Monday, 16 April 2012


What can you buy for 72p? A Mars bar and a bit, just over half a Guardian, a third of cup of coffee... or the ebook of Stephen Booth's novella, Claws. Claws is one of our best-sellers, now in its third printing, with a new cover. We'd not got on top of e-books when our techie author had, so we foolishly let him do his own e-book, which has been a great success for him. Good for Stephen! Amazon sells the ebook at 72p, and the author describes the book as 96 pages, a short novella. Despite this, one reviewer on Amazon commented that it was very poor value, being a "condensed" book. It isn't condensed. It may not be very good (though we beg to differ) but it is hard to imagine how anyone can think a 96 page book is poor value at 72p. What would represent good value? 37p? 17p?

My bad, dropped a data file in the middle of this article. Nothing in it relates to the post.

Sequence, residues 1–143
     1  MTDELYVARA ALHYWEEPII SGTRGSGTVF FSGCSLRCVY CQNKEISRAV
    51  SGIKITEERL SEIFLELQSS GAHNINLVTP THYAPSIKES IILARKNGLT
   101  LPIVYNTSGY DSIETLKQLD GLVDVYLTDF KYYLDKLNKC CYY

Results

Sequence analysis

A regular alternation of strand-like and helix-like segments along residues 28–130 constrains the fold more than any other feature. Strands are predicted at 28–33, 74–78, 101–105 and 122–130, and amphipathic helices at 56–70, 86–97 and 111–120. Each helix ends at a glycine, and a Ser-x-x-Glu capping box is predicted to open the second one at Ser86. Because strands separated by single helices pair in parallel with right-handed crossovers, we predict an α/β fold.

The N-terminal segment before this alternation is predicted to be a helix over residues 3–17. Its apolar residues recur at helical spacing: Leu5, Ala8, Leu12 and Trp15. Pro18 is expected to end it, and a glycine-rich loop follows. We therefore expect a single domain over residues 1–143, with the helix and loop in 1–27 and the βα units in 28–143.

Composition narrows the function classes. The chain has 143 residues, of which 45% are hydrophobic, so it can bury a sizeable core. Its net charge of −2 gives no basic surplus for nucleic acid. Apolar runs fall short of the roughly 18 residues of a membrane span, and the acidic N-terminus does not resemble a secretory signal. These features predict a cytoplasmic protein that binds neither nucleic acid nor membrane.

I'm not here having (too much of) a go at the reviewer (and certainly not criticising Stephen!) - but thinking about the value we, collectively, now give to books. We've done a few e-books at 99p, many other publishers are doing likewise. Are we undervaluing our products? Have we now given the impression to people that all books should be so cheap, that if a full length book is 99p a novella should be cheaper than chips? And what will that buyer think about the price of the printed copy being £4.99 (or £3 something from Amazon...)?

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